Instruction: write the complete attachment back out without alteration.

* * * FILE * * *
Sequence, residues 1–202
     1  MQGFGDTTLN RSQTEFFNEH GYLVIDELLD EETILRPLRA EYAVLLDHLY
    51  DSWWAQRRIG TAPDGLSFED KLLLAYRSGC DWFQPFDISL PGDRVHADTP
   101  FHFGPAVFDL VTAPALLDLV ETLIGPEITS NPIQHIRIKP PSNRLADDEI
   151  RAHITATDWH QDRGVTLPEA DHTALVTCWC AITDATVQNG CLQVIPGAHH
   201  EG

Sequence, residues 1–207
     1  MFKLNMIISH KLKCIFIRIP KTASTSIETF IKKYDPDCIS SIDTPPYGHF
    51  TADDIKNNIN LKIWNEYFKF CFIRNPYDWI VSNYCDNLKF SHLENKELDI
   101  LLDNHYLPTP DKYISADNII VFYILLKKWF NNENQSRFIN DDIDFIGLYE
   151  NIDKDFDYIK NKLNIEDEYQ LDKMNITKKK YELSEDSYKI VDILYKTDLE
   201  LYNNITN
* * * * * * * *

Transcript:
Sequence, residues 1–202
     1  MQGFGDTTLN RSQTEFFNEH GYLVIDELLD EETILRPLRA EYAVLLDHLY
    51  DSWWAQRRIG TAPDGLSFED KLLLAYRSGC DWFQPFDISL PGDRVHADTP
   101  FHFGPAVFDL VTAPALLDLV ETLIGPEITS NPIQHIRIKP PSNRLADDEI
   151  RAHITATDWH QDRGVTLPEA DHTALVTCWC AITDATVQNG CLQVIPGAHH
   201  EG

Sequence, residues 1–207
     1  MFKLNMIISH KLKCIFIRIP KTASTSIETF IKKYDPDCIS SIDTPPYGHF
    51  TADDIKNNIN LKIWNEYFKF CFIRNPYDWI VSNYCDNLKF SHLENKELDI
   101  LLDNHYLPTP DKYISADNII VFYILLKKWF NNENQSRFIN DDIDFIGLYE
   151  NIDKDFDYIK NKLNIEDEYQ LDKMNITKKK YELSEDSYKI VDILYKTDLE
   201  LYNNITN